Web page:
We spend a lot time using devices like our smart phones and they can be hotbeds for germs and bacteria. While it is important to clean them regularly to remove these disease-causing microbes, you need to do it with care as the wrong cleaning method may cause your expensive device to malfunction. Here’s a guide on how to clean your electronic devices the proper way.
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Smartphones and tablet notebooks
Hands up if you have used your mobile phones or tablets in the bathroom. Considering how rarely you clean your smart devices, your gadgets might actually be harbouring even more vile bacteria than the toilet seat!
- Use a microfibre cloth to wipe away sweat and grease regularly.
- Do a thorough clean inside the phone too. Just make sure you switch it off and remove the battery and SIM card first.
- To disinfect, prepare a solution of 1 cup water and a few drops of vinegar or rubbing alcohol. Use that wipe the outside of the phone. For hard-to-reach corners, dip a cotton bud in this cleaning solution.
- If you have silicone phone or tablet covers, take them off and soak in warm, soapy water. Otherwise, give your plastic cases a good wipe down with the cleaning solution.
- When you’re done with cleaning, leave the phone to dry completely before turning it on again.
- Don’t spray cleaning solutions directly on the screen, as droplets may get into the speaker or microphone and damage those parts. Dab the cleaning solution on a piece of cloth and use that to clean instead.
- Don’t use a hair dryer to speed up the drying process. Your electronic devices have a lot of sensitive components that could be easily damaged by the heat.
How often: Wipe the screen every other day. Do a deep-cleaning every one or two weeks.
Just like your smartphone, the screen of your smart watch and its nooks and crannies pick up grease, skin and grime every time you use it. In addition, the watch strap collects sweat and dead skin—even more if you’re using your smart watch when you exercise.
- Switch the watch off before cleaning, and allow to dry thoroughly before turning it back on.
- Dilute soap in tepid water, and apply that on a microfibre cloth to wipe your smart watch. For waterproof watches, you can give it a quick soak in the cleaning solution.
- Clean the straps vigorously with a damp cloth, as they collect a lot of dirt and mildew.
- Even if your smart watch is waterproof, the strap may not be water resistant. If you’re not sure, err on the side of error and avoid soaking your smart watch.
How often: As often as you can, especially if you wear it every day or very frequently.
Nothing is more annoying than shooting what you believe to be great photos, only to realise that the lens was dirty. And that’s not the only reason to regularly clean your camera—we continuously touch it and also pass it to other people to show them photos, making it an easy transit station for bacteria.
- Use a damp cloth to wipe the body.
- Remove the battery and memory card, then use a soft brush to tackle dust or dirt that might be trapped inside these slots. You can use a clean makeup brush too.
- Even if your lens is smudged, don’t use a cloth to wipe it, as that might scratch your expensive lens. Head to a camera shop and purchase a lens pen instead.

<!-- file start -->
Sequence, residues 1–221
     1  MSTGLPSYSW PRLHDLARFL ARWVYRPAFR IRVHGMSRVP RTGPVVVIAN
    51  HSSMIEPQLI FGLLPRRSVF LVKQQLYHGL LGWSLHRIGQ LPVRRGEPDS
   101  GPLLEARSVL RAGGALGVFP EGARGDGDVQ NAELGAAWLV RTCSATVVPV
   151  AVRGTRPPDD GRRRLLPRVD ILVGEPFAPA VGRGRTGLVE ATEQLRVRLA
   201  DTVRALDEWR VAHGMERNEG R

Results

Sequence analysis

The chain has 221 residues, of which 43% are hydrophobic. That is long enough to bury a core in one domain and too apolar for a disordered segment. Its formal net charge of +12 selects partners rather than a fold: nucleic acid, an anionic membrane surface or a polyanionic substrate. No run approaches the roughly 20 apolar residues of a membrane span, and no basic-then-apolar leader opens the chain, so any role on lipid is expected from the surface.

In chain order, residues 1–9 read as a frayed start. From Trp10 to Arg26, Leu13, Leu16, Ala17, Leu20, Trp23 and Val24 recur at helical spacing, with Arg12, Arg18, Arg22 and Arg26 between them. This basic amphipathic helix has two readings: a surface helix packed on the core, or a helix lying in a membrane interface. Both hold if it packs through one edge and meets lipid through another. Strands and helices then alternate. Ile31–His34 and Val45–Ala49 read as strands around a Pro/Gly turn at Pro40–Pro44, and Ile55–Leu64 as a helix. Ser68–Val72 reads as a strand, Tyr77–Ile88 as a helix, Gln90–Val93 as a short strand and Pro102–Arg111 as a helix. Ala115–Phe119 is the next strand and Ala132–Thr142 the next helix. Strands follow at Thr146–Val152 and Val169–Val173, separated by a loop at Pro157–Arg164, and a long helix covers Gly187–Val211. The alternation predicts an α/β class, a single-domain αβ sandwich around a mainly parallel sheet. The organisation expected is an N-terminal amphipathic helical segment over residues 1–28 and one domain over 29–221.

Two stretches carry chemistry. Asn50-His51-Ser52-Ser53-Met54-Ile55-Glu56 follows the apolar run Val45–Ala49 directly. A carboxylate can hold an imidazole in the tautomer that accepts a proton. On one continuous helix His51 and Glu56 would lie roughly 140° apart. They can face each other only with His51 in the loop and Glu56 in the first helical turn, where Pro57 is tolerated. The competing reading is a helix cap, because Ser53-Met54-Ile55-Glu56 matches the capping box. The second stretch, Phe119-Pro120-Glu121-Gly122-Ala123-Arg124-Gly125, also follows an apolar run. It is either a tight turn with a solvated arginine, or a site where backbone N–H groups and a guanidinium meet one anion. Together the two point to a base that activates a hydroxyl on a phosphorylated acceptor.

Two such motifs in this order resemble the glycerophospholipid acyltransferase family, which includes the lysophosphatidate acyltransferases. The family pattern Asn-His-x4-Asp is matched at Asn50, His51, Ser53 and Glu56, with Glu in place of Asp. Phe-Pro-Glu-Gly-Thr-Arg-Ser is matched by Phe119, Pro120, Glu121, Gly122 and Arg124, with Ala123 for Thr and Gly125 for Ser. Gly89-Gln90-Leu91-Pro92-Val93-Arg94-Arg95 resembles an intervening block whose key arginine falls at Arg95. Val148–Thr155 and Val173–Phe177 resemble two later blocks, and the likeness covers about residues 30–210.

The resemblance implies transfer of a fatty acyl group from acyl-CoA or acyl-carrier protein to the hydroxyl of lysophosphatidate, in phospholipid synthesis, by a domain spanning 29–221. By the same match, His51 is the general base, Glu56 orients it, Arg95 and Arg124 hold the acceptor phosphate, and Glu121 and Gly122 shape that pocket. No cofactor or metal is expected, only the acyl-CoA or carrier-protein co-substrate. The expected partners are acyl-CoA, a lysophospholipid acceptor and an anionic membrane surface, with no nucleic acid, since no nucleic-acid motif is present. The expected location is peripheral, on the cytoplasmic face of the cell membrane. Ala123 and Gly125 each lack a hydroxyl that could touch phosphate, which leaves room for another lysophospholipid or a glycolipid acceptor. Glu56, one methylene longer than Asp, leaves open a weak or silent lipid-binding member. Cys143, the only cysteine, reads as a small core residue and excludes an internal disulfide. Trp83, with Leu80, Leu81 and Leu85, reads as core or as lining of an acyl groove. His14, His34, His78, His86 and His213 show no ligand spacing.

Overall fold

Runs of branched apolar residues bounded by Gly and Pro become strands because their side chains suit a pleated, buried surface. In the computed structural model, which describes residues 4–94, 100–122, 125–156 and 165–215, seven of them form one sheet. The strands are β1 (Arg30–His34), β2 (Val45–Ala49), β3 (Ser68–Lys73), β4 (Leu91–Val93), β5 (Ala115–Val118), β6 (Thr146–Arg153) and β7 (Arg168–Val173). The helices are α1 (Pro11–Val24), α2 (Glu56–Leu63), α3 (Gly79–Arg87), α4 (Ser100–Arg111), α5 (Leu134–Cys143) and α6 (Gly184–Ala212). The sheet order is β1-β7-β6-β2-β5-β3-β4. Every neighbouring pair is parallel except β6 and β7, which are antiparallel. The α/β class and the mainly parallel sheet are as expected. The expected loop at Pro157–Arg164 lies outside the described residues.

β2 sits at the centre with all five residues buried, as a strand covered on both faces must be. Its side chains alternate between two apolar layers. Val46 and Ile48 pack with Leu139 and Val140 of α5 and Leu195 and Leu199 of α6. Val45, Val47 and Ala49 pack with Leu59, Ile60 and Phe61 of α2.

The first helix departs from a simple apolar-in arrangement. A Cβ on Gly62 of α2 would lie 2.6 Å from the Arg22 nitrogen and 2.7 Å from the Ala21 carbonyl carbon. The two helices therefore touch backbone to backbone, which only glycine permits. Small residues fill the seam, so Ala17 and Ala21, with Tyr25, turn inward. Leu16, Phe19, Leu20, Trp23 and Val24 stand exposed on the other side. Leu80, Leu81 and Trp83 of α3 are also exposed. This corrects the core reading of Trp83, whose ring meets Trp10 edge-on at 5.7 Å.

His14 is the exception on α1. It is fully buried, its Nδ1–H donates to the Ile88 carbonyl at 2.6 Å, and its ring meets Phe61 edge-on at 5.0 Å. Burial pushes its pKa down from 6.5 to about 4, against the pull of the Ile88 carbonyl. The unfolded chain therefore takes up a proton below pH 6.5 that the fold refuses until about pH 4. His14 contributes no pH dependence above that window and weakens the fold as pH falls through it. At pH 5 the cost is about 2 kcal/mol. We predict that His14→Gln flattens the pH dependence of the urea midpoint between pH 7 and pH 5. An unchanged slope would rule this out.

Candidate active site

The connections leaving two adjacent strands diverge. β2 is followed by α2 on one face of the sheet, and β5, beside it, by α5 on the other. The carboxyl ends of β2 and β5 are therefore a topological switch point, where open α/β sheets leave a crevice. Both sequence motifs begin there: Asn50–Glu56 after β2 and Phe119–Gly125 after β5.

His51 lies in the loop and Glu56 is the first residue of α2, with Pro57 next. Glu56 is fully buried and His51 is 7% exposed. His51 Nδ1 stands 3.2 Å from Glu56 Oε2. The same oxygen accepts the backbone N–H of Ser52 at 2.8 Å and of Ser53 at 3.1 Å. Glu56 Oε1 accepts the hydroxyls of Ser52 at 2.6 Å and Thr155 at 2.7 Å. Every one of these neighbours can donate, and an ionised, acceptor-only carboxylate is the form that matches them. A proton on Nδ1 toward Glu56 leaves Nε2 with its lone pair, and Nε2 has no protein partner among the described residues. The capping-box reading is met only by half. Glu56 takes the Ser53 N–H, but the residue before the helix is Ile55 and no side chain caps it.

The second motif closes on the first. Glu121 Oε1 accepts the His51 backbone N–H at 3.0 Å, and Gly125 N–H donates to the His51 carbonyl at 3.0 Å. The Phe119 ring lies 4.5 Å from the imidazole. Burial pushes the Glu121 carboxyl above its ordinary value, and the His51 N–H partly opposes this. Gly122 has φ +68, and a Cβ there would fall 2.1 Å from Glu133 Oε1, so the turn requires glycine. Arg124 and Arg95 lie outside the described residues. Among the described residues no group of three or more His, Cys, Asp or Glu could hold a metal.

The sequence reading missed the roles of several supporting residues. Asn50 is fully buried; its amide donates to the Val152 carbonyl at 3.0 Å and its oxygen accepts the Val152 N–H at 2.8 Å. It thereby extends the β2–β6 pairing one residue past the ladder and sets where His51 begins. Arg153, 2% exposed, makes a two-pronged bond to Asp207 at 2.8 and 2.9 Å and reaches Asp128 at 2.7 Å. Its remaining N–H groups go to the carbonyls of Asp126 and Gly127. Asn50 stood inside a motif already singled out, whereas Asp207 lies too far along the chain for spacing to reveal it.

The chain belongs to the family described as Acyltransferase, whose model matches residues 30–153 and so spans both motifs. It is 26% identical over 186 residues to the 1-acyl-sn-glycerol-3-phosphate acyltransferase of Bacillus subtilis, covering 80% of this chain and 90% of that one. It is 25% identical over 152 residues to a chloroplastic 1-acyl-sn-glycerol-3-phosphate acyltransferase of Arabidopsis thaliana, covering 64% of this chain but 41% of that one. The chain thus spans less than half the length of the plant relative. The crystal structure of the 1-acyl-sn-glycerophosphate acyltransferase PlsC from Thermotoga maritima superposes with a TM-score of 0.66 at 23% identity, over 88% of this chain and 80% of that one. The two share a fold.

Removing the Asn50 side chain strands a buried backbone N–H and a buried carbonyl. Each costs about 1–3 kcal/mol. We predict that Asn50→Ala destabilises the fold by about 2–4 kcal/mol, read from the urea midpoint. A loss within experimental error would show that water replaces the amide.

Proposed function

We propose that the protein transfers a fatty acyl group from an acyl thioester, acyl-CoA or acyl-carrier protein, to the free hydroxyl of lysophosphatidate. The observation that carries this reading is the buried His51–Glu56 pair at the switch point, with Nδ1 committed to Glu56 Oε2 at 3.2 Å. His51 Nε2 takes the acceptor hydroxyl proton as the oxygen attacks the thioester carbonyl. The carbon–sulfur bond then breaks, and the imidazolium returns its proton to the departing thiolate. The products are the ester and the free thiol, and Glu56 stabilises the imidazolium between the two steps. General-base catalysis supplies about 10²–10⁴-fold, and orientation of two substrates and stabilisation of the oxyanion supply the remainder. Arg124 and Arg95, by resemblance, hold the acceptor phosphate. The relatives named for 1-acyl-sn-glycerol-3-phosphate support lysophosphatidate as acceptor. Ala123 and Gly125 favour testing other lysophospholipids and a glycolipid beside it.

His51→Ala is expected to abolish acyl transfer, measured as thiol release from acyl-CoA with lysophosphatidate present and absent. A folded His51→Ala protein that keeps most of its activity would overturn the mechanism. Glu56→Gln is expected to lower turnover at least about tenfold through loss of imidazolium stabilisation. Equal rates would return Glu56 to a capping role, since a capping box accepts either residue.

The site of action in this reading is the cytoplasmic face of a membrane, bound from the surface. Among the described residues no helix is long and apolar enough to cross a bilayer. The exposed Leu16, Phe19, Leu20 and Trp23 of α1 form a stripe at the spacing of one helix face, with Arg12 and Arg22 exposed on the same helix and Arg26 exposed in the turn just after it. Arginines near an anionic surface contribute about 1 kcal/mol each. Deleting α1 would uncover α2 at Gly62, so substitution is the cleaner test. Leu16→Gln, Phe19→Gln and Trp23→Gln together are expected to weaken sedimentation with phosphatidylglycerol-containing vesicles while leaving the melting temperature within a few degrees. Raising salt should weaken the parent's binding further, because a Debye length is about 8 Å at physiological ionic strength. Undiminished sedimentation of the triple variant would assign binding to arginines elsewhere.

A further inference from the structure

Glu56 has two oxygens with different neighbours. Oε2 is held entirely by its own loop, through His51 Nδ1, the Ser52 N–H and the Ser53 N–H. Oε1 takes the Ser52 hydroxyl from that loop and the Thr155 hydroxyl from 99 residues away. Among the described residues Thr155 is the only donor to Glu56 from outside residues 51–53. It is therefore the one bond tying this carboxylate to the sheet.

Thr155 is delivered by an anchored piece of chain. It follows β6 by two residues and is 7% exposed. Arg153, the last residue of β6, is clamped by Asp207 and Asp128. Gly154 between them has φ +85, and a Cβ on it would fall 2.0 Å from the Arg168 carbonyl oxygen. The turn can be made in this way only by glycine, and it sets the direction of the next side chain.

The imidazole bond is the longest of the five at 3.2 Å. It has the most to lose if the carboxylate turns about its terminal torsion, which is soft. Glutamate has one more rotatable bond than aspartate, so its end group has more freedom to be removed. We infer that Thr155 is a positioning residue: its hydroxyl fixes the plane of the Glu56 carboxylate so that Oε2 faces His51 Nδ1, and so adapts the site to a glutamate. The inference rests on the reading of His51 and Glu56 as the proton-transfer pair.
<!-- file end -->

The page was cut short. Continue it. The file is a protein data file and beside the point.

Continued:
- Don’t use detergents on your camera as the cleaning compounds may be too harsh.
- Don’t try to clean the sensor in a DSLR yourself, as that is a very sensitive component. If there is a stubborn piece of dirt lodged on the sensor, take your camera to a camera shop for expert help.
How often: Clean your camera after every major use to prevent dust and dirt from building up inside.
Constantly wearing earphones or headphones can lead to acne breakouts and skin infections. This happens because the sweat and moisture collected around the earphones encourages bacteria to multiply.
- Use a cloth dipped in soapy water to wipe the earphones or headphones. Make-up removal tissues are a convenient alternative too.
- Remove silicone ear buds, then use a dry, old toothbrush to gently clean out dust and dirt from the metal parts.
- Don’t share earbuds with friends, to prevent the transfer of bacteria.
How often: Clean earphones once a week, and headphones at least once a month.
No thanks to the many crevices between the keys, your keyboard likely houses all manner of dirt and bacteria, from food crumbs and drink spills, to dead skin and office germs. And every time you rub your eyes, or grab snacks with your hands right after using the keyboard, you’re introducing these bacteria directly into your body.
- Dip a microfibre cloth in cleaning solution to wipe down your screen, mouse and other flat surfaces regularly.
- Before cleaning the keyboard, make sure your notebook is turned off. If it’s a USB keyboard, make sure it is unplugged.
- Turn the keyboard upside down and shake off particles trapped within the keys. Then, use a big soft brush (makeup brushes work well too) to dust off dirt. Even better, get a can of compressed air (Challenger stocks them) to force out the dirt in between the keys. This also works to clean the crevices inside your mouse.
- Pay particular attention to frequently used keys, like the Enter key and your space bar.
- Only turn on your laptop, or plug in your USB keyboard, when the keyboard is completely dry.
- Wash your hands regularly and thoroughly to prevent the transfer of bacteria from your hands to your keyboard.
- Don’t try to vacuum your keyboard with a vacuum cleaner. The powerful suction force can potentially damage the components.
How often: Once a month. Or, if you have a habit of eating at your desk, every fortnight.
Text: Mia Chenyze with additional reporting by Elizabeth Liew / The Singapore Women’s Weekly / July 2016